The principle behind ESG (Environment, Social, Governance) investing is that the private sector can simultaneously generate profits and invest in environmental, social and good governance areas. ESG investing received an important fillip when Larry Fink, the chairman and CEO of BlackRock, the world’s largest investment manager with USD 7 trillion in assets, directed companies to deliver both financial performance and contribute to society, or risk losing BlackRock money. More recently in January 2020, BlackRock’s open letter announced environmental sustainability and climate change would be its core goal and that it would start divesting from thermal coal, staring with a divestment of USD 500 million.
The Asian Development Bank predicts that the ESG market is now worth USD 23 trillion.
BlackRock through its independent subsidiaries invests in a large number of companies in India, amongst them Infosys, HDFC Bank, Reliance, ICICI bank, Hindustan Lever, Bharti Airtel and Axis Bank. If developing countries, and especially countries in South Asia want to remain competitive, companies here will need to start assuring investors that they are also focusing on ESG related gains.
Good commitments, but perverse results.
A new study by Aneesh Raghunandan at the London School of Economics and Shivaram Rajgopal from Columbia University titled ‘Do the Socially Responsible walk the Talk?’ examines whether the claims of companies and funds on environmental, social and governance issues match their actions. The study found that contrary to popular belief, US firms that commit to ESG goals are more likely to commit violations related to ESG. The results should be a clarion call for better policy and governance in this emerging field.
In the US, companies that care to signal their ESG attributes sign on to the Business Roundtable (BRT). Importantly firms that sign on to the BRT commit themselves to delivering value for all stakeholders and not just their own shareholders.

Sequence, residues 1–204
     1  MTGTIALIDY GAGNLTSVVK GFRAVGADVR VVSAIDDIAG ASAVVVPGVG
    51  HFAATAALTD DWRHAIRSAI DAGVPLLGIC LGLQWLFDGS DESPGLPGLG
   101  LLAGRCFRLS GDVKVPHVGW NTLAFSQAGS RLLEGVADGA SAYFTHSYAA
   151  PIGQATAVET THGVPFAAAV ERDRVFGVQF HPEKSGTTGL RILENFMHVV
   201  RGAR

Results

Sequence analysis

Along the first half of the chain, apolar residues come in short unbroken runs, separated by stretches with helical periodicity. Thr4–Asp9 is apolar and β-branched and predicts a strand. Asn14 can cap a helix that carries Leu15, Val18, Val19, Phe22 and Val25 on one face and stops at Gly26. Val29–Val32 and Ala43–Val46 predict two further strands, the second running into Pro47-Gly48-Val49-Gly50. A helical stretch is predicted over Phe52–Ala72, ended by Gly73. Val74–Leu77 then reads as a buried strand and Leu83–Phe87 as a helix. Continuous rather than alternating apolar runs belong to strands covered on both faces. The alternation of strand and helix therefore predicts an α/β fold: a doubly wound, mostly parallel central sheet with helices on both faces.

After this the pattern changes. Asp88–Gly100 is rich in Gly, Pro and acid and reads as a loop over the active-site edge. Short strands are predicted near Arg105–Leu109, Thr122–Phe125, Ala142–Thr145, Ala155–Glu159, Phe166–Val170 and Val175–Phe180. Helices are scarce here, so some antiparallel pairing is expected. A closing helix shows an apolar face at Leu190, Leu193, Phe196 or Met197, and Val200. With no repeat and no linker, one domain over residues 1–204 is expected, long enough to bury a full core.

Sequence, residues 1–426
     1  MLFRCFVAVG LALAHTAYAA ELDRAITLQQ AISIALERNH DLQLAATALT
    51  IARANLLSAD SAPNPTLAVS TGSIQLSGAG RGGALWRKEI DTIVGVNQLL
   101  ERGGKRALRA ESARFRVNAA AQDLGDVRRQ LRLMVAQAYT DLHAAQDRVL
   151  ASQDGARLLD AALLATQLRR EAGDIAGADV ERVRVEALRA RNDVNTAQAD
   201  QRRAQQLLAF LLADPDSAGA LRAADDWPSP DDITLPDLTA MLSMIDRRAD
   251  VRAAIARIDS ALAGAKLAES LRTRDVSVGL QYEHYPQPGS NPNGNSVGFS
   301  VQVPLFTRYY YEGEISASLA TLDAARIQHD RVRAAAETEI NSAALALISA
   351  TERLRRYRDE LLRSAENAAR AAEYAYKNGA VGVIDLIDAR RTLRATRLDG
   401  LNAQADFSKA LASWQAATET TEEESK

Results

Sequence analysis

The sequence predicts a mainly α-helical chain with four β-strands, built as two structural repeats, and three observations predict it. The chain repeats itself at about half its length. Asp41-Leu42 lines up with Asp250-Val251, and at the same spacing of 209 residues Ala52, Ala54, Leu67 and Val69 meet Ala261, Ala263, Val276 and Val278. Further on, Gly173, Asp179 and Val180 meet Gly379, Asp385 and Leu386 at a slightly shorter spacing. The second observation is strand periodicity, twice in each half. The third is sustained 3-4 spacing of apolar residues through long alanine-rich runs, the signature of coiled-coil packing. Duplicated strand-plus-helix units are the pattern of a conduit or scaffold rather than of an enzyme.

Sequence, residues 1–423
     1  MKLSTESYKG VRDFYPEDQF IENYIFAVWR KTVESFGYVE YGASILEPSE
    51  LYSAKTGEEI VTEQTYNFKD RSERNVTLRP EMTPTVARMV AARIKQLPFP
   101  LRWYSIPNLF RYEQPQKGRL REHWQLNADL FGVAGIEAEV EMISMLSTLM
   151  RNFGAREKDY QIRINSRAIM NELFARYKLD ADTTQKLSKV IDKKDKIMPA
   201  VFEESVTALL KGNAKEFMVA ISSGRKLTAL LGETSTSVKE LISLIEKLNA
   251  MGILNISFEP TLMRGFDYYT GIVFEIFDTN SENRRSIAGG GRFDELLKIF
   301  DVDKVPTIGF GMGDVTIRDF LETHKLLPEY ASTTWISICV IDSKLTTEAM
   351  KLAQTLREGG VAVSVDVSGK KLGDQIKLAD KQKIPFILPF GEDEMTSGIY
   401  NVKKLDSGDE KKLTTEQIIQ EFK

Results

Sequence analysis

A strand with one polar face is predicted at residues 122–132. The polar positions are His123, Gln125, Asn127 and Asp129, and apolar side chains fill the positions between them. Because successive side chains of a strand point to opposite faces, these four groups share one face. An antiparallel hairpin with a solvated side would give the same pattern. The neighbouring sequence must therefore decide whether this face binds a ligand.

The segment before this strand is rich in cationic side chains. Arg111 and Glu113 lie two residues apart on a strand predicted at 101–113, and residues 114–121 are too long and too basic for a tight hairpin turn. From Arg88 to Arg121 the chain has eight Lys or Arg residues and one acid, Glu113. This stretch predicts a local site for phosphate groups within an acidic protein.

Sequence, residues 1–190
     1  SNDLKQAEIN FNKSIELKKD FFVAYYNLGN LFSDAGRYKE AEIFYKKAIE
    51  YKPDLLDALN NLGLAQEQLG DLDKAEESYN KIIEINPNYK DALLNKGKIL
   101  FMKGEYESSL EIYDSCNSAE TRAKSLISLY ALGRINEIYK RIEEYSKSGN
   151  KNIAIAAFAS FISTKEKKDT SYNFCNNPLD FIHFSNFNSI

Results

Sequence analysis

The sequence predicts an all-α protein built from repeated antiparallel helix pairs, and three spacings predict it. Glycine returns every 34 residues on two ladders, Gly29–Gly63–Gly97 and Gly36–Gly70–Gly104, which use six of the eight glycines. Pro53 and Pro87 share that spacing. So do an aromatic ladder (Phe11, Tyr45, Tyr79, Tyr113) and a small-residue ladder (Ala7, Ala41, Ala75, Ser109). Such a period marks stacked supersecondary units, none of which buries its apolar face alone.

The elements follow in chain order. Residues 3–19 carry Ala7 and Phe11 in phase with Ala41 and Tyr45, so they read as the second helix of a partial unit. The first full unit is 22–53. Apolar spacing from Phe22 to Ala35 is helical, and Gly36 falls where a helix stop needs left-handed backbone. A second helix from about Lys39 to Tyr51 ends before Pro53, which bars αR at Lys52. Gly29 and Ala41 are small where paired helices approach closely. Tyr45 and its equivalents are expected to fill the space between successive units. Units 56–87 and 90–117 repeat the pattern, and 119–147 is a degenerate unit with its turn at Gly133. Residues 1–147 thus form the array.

In their study the two professors compared 118 companies that have signed on to the BRT with those that had not signed on but were under similar administration. The authors found that compared to their industry peers, BRT signatories are:
- More than likely to be involved in environmental and labour related violations (and pay more in compliance penalties);
- spend more on lobbying policymakers and get more government subsidies;
- BRT CEOs are more likely to have abnormal compensation and their independent directors have less power on the board.
It is then important to consider why ESG firms are doing better financially. Indeed experts in recent articles in the Financial Times and in an article by the Asian Infrastructure Investment Bank (AIIB) headquartered in Beijing, argue that bigger companies are more likely to flout rules while at the same time showing higher returns. It is unclear whether flouting rules is leading to greater returns or whether the causality is the reverse but it is clear that firms claiming to do more on ESG are also flouting those norms.
What can India do? And developing countries particularly?
In India companies don’t have standards to adhere to and generally haven’t made ESG commitments. Yet it is critical that all companies generate public goods as well as their primary goods, because these have deep implications on the people and the country’s ability to adapt to changes (financial, climatic and others). Thus companies must aim to generate social and environmental benefits along with financial ones. Currently companies that are signing on to ESG goals continue to violate environment and labour laws.
Governments in India and other developing countries need to step in much more saliently. Three things are specifically important:
- Good rules and standards for what ESG means so that this does not lead to green washing or impact washing.
- Setting up the right kind of meta-governance structures that allow verification by independent third parties.
- Focus on producing high quality data from satellites and mobile phones that can enable tracking and monitoring.
Independent financial accounting became an important element of reporting by companies in the United States after the great crash in 2008, so there would be credible understanding of the health of companies. We are at the point where we have another crisis on our hands. That is the climate crisis and this calls for another overhaul of reporting.
These are Jyotsna Puri’s personal views and should not be attributed to the organisations she advises or works with.